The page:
Jews in Soviet NKVD Leadership: Fact or Fiction
Yuri Slezkine’s “The Jewish Century”reviewed by Mr. Jan Peczkis
Poles have sometimes been attacked for suggesting that the Soviet secret police (NKVD) had a leadership that was disproportionately Jewish. What are the facts?
Also interesting are the views of Bikerman, a Jewish writer who thought that Jews should assume collective responsibility for Jewish Communism.
Review of The Jewish Century, by Yuri Slezkine. 2004. Princeton University Press. Reviewer: Mr. Jan Peczkis
Jewish Exceptionalism in Historical and Broader Context
This thought-provoking work rejects the premise of classical anti-Semitism (“Jews control everything”) while also rejecting the other extreme (Jews as an innocuous, powerless minority). For example, consider the rise of anti-Semitism in tsarist Russia: “One reason why Jews were victims of state persecution was that so many of them were becoming elite members.” (p. 158).
Jews are Mercurians–a people driven to success (p. 26), and prone to such things as restlessness and involvement in radical movements. (p. 91). The difficulties experienced by Jews, as traders and middlemen, were or are paralleled by those of other nationalities that fill the same niche all over the world. For instance, the pre-WWII European-Jewish conflicts revolving around Jewish economic dominance were similar to those between Chinese and native Malayans. (p. 37). This extends to prejudicial perceptions: “Another common host stereotype of the Mercurians is that they are devious, acquisitive, greedy, crafty, pushy, and crude. This, too, is a statement of fact, in the sense that, for peasants, pastoralists, princes, and priests, any trader, moneylender, or artisan is in perpetual and deliberate violation of most norms of decency and decorum…” (p. 23). Of course, Jewish-gentile prejudices always went both ways. For instance, Jews had code words that alluded to gentiles as animals. (p. 108).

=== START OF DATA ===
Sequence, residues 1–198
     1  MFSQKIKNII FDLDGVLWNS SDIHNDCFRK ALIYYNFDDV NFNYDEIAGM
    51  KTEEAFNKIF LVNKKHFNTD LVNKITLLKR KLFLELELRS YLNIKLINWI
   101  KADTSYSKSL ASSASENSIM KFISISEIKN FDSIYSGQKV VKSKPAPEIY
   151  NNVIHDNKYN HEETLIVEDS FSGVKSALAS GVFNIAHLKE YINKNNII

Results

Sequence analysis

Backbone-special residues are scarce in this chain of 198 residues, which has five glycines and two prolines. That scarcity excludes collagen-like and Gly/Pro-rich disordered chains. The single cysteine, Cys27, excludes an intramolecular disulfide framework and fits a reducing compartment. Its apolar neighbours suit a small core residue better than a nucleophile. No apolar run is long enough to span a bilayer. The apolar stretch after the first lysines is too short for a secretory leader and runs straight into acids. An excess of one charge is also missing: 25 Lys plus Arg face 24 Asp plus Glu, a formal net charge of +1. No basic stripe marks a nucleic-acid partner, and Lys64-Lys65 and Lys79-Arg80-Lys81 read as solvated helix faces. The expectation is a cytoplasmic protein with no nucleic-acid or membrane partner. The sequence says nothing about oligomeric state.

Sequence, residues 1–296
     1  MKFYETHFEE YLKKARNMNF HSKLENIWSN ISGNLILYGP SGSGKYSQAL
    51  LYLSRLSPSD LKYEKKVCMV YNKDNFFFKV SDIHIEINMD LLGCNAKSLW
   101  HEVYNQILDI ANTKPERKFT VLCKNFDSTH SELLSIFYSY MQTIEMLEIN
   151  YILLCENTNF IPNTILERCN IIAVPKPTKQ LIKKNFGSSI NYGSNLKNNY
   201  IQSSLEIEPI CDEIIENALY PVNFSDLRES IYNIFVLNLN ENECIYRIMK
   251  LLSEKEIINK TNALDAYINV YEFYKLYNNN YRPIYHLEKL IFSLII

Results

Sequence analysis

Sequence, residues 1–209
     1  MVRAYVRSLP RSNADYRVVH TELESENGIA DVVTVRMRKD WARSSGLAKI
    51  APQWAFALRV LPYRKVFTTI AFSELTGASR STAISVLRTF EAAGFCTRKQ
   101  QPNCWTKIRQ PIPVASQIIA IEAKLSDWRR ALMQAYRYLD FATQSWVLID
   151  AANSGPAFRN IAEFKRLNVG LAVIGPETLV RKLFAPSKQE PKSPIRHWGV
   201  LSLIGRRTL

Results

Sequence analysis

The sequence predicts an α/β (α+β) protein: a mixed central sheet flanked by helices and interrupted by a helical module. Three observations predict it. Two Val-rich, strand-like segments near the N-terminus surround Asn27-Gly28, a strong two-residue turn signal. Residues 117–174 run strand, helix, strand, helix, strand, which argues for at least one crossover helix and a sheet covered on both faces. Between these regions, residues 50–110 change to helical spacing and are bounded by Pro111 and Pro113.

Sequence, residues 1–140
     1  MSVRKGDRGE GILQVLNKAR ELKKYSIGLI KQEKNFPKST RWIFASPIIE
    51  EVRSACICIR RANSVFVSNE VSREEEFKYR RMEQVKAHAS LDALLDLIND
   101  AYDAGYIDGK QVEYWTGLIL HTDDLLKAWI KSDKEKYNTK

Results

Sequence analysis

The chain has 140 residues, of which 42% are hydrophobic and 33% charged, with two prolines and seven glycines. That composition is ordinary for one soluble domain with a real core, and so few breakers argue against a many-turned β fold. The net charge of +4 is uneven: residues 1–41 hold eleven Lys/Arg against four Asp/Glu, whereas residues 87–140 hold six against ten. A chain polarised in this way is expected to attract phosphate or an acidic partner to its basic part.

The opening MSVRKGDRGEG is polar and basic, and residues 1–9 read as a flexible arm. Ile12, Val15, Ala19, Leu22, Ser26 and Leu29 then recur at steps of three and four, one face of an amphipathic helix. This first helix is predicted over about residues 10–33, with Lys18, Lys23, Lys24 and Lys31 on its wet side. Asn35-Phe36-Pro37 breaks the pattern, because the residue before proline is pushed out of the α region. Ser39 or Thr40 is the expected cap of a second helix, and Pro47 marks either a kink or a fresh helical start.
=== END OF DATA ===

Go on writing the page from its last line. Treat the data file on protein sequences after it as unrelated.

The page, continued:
Jews in 19th-century foreign-ruled Poland were often seen by Poles as tools of these rulers. Although Slezkine does not discuss this, he does make it obvious why this was so. For example, Jewish bankers were integral to Bismarck’s German Empire. (p. 49). Also: “Jewish banks based in Warsaw, Vilna, and Odessa had been among the first commercial lending institutions in the Russian Empire…Several Jewish financiers from Warsaw and Lodz formed the first Russian joint-stock banks.” (pp. 118-119). Also, Slezkine inadvertently touches on the reason that Jews in general were unsympathetic to the resurrection of the Polish state in 1918: “The Jews allied themselves with powerful states and cohesive national elites because that was their path to Progress; many of their neighbors strongly objected to those states and those elites–and therefore to the Jews–because they were on a different path to Progress.” (p. 72).